In the show’s most effective moments, there are glimmers of the excitement of mutual engagement. For example, Michele Abeles’s “studio constructions” of male nudes intercut with common household objects seem tailor-made to speak to Anne Collier’s still-life appropriations, re-photographed arrangements of found objects, like album covers and desk calendars and male centerfolds. (Collier’s Clouds, a chromogenic color print of a pair of L.P.s with cloud images, pictured at top, is perhaps the single loveliest image in the show, a funny and wistful little riff on pleasant days, ineffable moments, and the images hiding in our lives.) Both Abeles and Collier are, at least in part, jokesters, though their foolery is shot through with commentary. In Abeles’ Fuschia, Yellow, Green, Blue, Numbers, Man, Cement, Paper, a photocomposition compromised of the titular elements, a penis is suggestively presented alongside a ruler-like arrangement. This would mostly be merely cute or silly, but it becomes, in the context of an image like Collier’s Woman with Cameras #1—a black-and-white centerfold strategically, though not very effectively, covered by two cameras—an invitation, if not an unprecedented one, to a thought experiment.
Meanwhile, Zoe Crosher’s self-portraits (including B&W Back of Neck from The Reconsidered Archive of Michelle duBois, pictured above), in which Crosher styles and photographs herself as Michelle duBois—the alter-ego of an Oklahoman amateur photographer, frequent Mae West impersonator, and sometime sex worker whose archive of images from the ‘70s passed to Crosher—extend the exploration of gender and presentation and the borrowing of another’s style in order to explain something about one’s own vision of the world. Crosher’s project immediately, instinctively, puts the viewer in mind of Cindy Sherman and Yasumasa Morimura. The effect is further amplified by the fact that a survey of Sherman’s (rather more engaging) work—also organized by Respini—was on view at MOMA earlier this year.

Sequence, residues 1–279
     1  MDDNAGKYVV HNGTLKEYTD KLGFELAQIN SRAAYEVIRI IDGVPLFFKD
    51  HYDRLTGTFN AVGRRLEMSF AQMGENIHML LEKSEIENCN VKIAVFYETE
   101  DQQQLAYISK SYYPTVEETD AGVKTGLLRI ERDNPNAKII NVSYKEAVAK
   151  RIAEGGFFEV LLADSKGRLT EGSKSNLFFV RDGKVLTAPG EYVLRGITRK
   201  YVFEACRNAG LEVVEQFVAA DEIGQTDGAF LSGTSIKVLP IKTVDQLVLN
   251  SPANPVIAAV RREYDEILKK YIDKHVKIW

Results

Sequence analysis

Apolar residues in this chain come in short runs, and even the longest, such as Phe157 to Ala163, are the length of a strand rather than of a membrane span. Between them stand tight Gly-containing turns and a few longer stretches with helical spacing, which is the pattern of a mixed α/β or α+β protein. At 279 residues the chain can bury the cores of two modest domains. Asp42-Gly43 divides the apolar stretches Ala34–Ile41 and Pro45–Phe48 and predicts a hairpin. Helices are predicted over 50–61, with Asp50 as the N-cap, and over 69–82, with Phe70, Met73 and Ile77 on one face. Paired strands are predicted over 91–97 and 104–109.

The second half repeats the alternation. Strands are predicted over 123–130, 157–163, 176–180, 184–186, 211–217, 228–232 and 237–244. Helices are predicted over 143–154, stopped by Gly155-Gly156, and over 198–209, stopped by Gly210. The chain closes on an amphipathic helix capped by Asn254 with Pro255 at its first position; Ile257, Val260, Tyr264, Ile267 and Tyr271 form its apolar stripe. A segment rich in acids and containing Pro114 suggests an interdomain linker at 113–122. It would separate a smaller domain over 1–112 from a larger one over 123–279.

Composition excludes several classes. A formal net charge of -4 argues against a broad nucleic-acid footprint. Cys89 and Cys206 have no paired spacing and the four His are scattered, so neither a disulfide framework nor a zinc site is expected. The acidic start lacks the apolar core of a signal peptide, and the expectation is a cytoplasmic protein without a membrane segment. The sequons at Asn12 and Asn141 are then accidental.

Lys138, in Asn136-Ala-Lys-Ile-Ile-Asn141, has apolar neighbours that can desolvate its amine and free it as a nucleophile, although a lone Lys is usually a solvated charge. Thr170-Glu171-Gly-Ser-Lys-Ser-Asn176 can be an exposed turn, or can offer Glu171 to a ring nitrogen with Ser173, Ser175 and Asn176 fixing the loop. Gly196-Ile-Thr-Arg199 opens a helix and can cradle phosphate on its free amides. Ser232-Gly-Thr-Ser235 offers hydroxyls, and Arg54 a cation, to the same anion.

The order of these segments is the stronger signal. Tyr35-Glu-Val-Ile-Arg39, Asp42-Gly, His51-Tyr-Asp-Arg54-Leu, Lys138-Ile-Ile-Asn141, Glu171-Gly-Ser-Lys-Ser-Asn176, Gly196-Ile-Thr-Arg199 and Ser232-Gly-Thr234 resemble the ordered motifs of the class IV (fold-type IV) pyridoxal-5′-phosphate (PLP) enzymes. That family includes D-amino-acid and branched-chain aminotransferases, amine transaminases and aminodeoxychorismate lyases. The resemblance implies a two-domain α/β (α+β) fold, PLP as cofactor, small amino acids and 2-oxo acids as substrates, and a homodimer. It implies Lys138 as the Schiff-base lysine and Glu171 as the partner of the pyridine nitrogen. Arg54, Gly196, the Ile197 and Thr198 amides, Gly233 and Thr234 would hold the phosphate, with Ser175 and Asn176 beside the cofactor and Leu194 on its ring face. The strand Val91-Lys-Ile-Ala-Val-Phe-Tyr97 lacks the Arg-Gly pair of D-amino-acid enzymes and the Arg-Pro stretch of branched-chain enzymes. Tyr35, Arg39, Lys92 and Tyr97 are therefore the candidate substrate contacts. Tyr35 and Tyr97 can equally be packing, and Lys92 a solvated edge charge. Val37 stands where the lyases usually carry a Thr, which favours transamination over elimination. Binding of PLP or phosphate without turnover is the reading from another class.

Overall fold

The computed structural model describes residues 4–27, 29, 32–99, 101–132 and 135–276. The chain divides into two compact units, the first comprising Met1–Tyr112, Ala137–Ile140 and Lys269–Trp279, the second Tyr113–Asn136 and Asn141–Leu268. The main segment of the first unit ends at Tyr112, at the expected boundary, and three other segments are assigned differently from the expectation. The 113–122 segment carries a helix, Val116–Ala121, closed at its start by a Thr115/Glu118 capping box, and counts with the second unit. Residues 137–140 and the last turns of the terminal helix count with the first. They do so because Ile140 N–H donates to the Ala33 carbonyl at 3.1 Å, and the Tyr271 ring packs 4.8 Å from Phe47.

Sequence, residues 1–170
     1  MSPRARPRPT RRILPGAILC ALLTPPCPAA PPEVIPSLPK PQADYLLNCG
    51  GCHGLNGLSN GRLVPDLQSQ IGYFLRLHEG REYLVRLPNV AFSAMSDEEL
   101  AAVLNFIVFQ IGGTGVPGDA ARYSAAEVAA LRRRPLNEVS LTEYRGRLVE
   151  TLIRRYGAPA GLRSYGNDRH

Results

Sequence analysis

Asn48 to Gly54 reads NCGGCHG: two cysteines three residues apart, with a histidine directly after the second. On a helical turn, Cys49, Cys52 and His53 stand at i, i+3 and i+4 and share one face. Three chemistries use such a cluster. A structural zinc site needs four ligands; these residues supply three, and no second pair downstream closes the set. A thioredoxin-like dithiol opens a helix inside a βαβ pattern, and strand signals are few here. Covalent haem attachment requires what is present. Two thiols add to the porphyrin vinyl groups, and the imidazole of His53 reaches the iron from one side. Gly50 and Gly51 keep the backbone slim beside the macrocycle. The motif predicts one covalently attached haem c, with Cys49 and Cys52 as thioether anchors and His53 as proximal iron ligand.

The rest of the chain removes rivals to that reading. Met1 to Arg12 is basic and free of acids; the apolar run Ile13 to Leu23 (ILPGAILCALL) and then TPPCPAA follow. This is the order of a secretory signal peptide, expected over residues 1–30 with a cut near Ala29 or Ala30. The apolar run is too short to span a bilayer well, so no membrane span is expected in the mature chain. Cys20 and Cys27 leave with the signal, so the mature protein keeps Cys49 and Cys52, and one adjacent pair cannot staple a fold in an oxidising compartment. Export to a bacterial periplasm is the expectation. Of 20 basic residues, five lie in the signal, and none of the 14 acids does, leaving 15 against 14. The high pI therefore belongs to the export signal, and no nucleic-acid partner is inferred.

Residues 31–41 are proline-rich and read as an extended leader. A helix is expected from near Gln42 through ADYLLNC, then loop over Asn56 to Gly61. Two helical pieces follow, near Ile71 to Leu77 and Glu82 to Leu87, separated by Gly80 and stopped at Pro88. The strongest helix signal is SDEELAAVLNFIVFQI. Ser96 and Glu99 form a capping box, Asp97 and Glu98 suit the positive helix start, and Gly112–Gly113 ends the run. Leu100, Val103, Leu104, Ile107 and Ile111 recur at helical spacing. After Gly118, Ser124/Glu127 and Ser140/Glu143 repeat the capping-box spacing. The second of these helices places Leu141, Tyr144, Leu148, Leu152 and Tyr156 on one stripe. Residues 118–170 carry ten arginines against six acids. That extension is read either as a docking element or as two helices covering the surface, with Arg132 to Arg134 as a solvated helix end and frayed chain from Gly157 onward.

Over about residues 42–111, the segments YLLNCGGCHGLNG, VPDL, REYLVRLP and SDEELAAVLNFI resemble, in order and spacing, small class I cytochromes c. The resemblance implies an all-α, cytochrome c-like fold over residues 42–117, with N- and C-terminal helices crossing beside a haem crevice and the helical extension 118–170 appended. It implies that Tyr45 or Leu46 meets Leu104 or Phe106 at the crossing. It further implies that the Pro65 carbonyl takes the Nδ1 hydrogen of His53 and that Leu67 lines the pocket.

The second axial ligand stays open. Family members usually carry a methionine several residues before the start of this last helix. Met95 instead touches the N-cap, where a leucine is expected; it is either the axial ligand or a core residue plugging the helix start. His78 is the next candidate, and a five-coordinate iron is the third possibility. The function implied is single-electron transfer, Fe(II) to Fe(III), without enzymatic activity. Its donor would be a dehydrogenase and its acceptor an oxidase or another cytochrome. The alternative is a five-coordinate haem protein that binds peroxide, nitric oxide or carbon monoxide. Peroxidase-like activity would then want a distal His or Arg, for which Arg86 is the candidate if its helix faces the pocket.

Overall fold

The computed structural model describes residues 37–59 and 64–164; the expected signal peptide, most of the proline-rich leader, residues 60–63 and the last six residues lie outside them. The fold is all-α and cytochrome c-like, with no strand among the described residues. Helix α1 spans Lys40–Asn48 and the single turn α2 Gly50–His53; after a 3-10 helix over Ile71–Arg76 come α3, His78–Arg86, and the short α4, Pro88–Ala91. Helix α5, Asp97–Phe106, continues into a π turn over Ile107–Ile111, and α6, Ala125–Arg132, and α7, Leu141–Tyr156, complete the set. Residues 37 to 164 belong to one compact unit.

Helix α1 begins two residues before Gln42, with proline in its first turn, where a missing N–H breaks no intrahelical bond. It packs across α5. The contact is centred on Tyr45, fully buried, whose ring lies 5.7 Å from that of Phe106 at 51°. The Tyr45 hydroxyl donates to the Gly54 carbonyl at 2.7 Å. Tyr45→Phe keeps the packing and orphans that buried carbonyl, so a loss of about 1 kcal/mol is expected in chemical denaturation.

But where Abeles, Collier, and Crosher make use of concrete, recognizable objects and personas to get at some metaphysical conceptions, the final artist included in New Photography, Shirana Shahbazi, deploys geometrical abstractions as a tutorial in art history and traditional craft. Her images in the show are mainly large-scale color blocks (though in the past she's done stark, bright still-lifes; her image at left, Composition-40-2011, combines the two). And she also, with her site-specific installation of wallpaper based on one of her own photographs, proposes the next logical step in the cycle of appropriation. In using a picture meant to evoke a decorative pattern as a decorative pattern, Shahbazi brings an interesting purposefulness to her essentially decontextualizing process of borrowing images, even when those images are her own.
New Photography 2012 is worth seeing, not because it is always particularly exciting or vibrant or new. But even when it reminds that everything must look the same after two weeks, let alone 200 years, this little show might also remind us that this could be a pretext for a manner of rejoicing, for the retelling of a not uninteresting story.
'New Photography 2012' is on view at the Museum of Modern Art through February 4, 2013.
Images, from top: courtesy Anton Kern Gallery; courtesy Birdhead and ShanghART Gallery, Shanghai; courtesy Zoe Crosher and Perry Rubenstein Gallery, Los Angeles; courtest Shirana Shahbazi and Galerie Bob van Orsouw, Zürich.